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Exercise program uses technology to help seniors stay fit

By: Jonathan Migneault - Sudbury Northern Life

 | Dec 09, 2013 - 12:55 PM |

Older adults can access exercise videos through the Ontario Telemedicine Network

Renée Desjardins believes doctors should prescribe regular exercise, along with medication, when they see a patient for high blood pressure.

Desjardins, a registered nurse based in Espanola with 15 years experience, dedicates most of her time to keeping seniors active. She spent much of her career working in dialysis, and saw firsthand the effect even 30 minutes of daily exercise could have in reducing a person's blood pressure.

To make it easier for older adults to excise on a regular basis, Desjardins joined an Espanola-based program called From Soup to Tomatoes about a year ago.

Registered nurse Susan Clark started the program to help seniors exercise from home, or from nearby community centres, with household items. They can get fit without having to buy any specialized equipment.

To do curls, for instance, a person can use a can of soup, and when they get stronger, they can move on to a heavier can of tomatoes.

Clark heard a long list of reasons as to why her clients were not able to exercise regularly. These included winter conditions on the roads, fear of falling, back pain and a lack of funds for exercise equipment or a gym membership.

To make From Soup to Tomatoes as accessible as possible, Clark collaborated with the Ontario Telemedicine Network to bridge the distance gap and bring the program to people's homes and community centres.

“Many people find it successful, especially if they live in rural areas, to go to a community centre and use their Internet access,” Desjardins said.

Each exercise session is recorded live. By visiting clients can tune in to Desjardins' workout session and follow along with her detailed instructions.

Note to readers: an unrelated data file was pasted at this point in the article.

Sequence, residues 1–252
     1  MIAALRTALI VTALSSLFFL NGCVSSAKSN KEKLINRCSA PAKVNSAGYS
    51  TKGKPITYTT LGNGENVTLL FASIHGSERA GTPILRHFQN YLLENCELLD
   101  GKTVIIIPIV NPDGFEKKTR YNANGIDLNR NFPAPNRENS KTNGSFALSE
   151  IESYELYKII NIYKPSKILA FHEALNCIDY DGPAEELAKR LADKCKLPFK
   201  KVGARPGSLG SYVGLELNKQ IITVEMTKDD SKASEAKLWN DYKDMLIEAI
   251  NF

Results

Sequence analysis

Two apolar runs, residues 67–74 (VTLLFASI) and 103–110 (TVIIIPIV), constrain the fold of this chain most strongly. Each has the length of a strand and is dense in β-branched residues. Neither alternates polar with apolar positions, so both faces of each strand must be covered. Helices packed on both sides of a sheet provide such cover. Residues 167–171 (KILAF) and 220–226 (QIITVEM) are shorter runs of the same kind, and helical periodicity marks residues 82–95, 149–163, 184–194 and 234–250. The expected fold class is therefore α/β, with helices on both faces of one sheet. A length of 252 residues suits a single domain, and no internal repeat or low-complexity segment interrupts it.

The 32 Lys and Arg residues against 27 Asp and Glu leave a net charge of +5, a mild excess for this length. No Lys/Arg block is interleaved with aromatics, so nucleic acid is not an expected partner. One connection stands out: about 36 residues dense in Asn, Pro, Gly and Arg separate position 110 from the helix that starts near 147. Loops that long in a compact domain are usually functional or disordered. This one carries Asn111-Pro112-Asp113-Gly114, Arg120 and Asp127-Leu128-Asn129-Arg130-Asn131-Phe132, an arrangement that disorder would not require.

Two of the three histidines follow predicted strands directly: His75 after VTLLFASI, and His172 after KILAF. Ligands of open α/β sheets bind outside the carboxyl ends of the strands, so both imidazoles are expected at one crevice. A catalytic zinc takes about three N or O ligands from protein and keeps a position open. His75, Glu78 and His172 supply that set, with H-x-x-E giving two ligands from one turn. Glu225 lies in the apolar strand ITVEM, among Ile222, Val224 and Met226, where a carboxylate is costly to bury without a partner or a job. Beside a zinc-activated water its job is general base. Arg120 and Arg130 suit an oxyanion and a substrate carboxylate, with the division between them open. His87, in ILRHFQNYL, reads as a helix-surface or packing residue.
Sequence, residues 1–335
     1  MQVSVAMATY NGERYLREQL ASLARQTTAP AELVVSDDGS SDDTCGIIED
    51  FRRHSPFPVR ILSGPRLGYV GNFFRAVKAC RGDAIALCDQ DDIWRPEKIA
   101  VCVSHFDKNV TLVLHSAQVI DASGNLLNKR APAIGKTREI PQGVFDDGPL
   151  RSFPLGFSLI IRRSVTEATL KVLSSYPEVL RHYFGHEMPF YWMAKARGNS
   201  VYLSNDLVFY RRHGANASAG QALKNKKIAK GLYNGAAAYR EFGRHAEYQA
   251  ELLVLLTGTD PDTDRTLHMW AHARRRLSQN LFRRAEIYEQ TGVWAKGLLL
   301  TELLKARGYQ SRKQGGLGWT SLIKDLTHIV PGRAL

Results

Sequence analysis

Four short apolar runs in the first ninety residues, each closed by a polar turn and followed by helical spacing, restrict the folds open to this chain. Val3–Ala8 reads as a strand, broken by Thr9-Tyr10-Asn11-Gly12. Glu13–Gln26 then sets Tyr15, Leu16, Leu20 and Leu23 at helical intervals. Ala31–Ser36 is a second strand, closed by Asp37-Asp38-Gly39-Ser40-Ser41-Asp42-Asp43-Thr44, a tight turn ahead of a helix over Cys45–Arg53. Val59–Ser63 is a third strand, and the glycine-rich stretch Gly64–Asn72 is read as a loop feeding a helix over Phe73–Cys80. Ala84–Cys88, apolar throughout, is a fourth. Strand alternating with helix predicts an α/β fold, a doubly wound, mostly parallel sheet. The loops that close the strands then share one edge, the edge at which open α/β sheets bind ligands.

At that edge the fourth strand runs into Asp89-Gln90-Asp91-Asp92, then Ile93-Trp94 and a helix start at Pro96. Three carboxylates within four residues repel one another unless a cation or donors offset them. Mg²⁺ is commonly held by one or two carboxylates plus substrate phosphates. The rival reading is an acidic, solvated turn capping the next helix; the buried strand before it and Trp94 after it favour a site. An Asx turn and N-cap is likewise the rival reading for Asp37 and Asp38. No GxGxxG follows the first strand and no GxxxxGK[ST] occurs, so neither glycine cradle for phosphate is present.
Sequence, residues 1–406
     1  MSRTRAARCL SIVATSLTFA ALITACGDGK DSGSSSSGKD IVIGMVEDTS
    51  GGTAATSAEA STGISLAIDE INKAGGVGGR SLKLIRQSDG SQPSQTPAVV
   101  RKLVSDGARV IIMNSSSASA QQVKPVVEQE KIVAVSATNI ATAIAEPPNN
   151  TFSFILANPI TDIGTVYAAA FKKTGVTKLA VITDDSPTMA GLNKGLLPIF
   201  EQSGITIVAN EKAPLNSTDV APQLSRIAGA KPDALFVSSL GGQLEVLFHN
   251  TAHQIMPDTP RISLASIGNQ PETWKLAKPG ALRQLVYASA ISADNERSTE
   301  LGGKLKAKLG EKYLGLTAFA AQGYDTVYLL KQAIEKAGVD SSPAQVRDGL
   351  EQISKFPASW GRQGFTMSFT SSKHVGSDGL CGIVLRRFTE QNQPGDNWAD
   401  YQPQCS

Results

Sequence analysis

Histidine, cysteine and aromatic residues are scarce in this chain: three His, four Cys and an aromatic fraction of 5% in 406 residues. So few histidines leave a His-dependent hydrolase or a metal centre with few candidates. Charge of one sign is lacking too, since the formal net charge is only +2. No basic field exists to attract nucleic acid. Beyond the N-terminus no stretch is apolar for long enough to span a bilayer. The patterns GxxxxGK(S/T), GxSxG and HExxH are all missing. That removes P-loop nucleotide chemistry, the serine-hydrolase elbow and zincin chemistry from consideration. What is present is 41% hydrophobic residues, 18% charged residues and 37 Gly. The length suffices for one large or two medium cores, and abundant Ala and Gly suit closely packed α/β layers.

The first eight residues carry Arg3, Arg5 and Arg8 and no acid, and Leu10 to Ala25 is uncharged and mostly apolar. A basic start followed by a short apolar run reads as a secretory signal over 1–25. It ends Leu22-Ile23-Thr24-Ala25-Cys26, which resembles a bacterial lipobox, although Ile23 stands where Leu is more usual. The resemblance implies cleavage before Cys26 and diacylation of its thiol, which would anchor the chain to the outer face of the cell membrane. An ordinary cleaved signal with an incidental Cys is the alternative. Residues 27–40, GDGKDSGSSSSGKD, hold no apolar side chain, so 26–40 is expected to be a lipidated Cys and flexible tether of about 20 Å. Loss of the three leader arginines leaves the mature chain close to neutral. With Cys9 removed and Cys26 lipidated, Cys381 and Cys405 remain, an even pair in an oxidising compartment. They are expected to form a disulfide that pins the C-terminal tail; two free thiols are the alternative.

If clients have webcams, Desjardins can even follow their progress in real-time, thanks to a computer monitor she watches during the session. 

Some clients gather at the Espanola Elks Hall, or the Espanola Seniors Drop-in Centre, where they have the equipment to follow along.

Desjardins hosts a basic workout every Monday, Wednesday and Friday from 9-9:45 a.m. She also does a gentle workout, where all the exercises can be done from a seated position, on the same days from 10:15 a.m. to 10:45 a.m.

Each workout session is archived on the Ontario Telemedicine Network website, and can be accessed any time at no cost.

Desjardins said she has seen big improvements in her clients' health since they have started the program. Some clients, she said, could not reach over their heads when they started, but now they have been able to improve their flexibility through regular stretches.

That improved flexibility makes them more independent, as it allows them to wash their own hair, for instance, when it would have been difficult or impossible before.

Desjardins said the program's popularity has grown steadily.

“They really get enthusiastic and want to do all kinds of things,” she said about her clients.


Jonathan Migneault

Jonathan Migneault

Staff Writer


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